An audit involves performing procedures to obtain audit evidence about the amounts and disclosures in the
financial statements. The procedures selected depend on the auditor's judgment, including the assessment
of the risks of material misstatement of the financial statements, whether due to fraud or error. In making
those risk assessments, the auditor considers internal control relevant to the entity's preparation and fair
presentation of the financial statements in order to design audit procedures that are appropriate in the
circumstances, but not for the purpose of expressing an opinion on the effectiveness of the entity's internal
control. An audit also includes evaluating the appropriateness of accounting policies used and the
reasonableness of accounting estimates made by management, as well as evaluating the overall presentation
of the financial statements.
We believe that the audit evidence we have obtained is sufficient and appropriate to provide a basis for our
audit opinion.
Opinion
In our opinion, the financial statements give a true and fair view of (or" present fairly, in all material
respects,") the financial position of ABC Company as of December 31, 20X1, and of its financial
performance and its cash flows for the year then ended in accordance with International Financial
Reporting Standards.
Report on Other Legal and Regulatory Requirements
[Form and content of this section of the auditor's report will vary depending on the nature of the auditor's
other reporting responsibilities.]
[Auditor's signature]
[Date of the auditor's report]
[Auditor's address]
What stands for auditor's opinion?
The auditor, in his report, does not say that the financial statements do show a true and fair view. He can
only say that in his opinion the financial statements show a true and fair view. The reader or user of
financial statements will know from his knowledge of the auditor whether or not to rely on the auditor's
opinion. If the auditor is known to be independent, honest, and competent, then his opinion will be relied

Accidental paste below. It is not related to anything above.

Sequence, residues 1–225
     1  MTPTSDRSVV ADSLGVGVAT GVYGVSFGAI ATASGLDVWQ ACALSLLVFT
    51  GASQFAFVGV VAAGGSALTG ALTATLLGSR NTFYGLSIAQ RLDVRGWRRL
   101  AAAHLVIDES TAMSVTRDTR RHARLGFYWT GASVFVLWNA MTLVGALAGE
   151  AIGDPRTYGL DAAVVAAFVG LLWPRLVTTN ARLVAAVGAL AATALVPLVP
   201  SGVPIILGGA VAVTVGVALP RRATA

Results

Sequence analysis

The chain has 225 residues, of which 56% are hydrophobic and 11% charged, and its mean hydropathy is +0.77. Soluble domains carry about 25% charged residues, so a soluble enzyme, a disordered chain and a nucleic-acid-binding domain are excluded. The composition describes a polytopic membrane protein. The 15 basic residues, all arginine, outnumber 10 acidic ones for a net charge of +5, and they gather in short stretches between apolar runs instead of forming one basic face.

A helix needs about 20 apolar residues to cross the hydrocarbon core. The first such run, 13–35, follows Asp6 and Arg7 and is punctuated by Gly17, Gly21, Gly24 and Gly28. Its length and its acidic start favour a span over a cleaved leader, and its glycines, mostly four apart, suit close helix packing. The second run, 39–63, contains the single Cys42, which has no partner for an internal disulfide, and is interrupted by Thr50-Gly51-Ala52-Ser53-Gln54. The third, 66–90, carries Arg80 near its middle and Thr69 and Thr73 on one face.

upon.
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Fundamentals of Auditing ­ACC 311
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What are the different types of audit?
Three types of audits are discussed in general, i.e.,
1. Financial statement audits
2. Operational audits
3. Compliance audits
Financial Statement Audits
An audit of financial statements is conducted to determine whether the overall financial statements (the
quantifiable information being verified) are stated in accordance with specified criteria. Normally, the
criteria are the requirements of the applicable International Financial Reporting Standards (IFRSs) and the
Companies Ordinance 1984. The financial statements most commonly comprises of the Balance Sheet,
Income Statement, Statement of Changes in Equity, Cash Flow Statement, and Notes to the accounts.
The assumption underlying an audit of financial statements is that these will be used by different groups for
different purposes. Therefore, it is more efficient to have one auditor who will perform an audit and draw
conclusions that can be relied upon by all users than to have each user perform his or her own audit. If a
user believes that the general audit does not provide sufficient information for his or her purposes, the user
has the option of obtaining more data. For example, a general audit of a business may provide sufficient
financial information for a banker considering a loan to the company, but a corporation considering a
merger with that business may also wish to know the replacement cost of fixed assets and other information
relevant to the decision. The corporation may use its own auditors to get the additional information.
Operational Audits
An operational audit is a review of any part of an entity's operating procedures and methods for the
purpose of evaluating efficiency and effectiveness. At the completion of an operational audit,
recommendations to management for improving operation are normally expected.
An example of an operational audit is evaluating the efficiency and accuracy of processing payroll
transactions in a newly installed computer system. Another example, where most accountants would feel
less qualified is evaluating the efficiency, accuracy, and customer satisfaction in processing the distribution
of letters and parcels by a courier company such as TCS.
Because of the many different areas in which operational effectiveness can be evaluated, it is impossible to
characterize the conduct of a typical operational audit. In one organization, the auditor might evaluate the
relevancy and sufficiency of the information used by management in making decisions to acquire new fixed
assets, while in a different organization the auditor might evaluate the efficiency of the paper flow in
processing sales.
In operational auditing, the reviews are not limited to accounting. They can include the evaluation of
organization structure, computer operations, production methods, marketing, and any other area in which
the auditor is qualified.
The conduct of an operational audit and the reported results are less easily defined than for either of the
other two types of audits. Efficiency and effectiveness of operations are far more difficult to evaluate